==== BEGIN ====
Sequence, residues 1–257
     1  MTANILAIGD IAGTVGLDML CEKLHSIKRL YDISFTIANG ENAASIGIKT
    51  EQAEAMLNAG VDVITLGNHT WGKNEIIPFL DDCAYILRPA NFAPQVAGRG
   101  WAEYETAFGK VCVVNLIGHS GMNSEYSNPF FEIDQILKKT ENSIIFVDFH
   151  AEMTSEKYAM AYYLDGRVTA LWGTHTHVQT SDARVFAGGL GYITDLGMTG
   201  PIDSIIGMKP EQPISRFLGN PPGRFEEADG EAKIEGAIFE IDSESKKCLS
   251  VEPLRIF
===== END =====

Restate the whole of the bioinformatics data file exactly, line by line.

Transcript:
Sequence, residues 1–257
     1  MTANILAIGD IAGTVGLDML CEKLHSIKRL YDISFTIANG ENAASIGIKT
    51  EQAEAMLNAG VDVITLGNHT WGKNEIIPFL DDCAYILRPA NFAPQVAGRG
   101  WAEYETAFGK VCVVNLIGHS GMNSEYSNPF FEIDQILKKT ENSIIFVDFH
   151  AEMTSEKYAM AYYLDGRVTA LWGTHTHVQT SDARVFAGGL GYITDLGMTG
   201  PIDSIIGMKP EQPISRFLGN PPGRFEEADG EAKIEGAIFE IDSESKKCLS
   251  VEPLRIF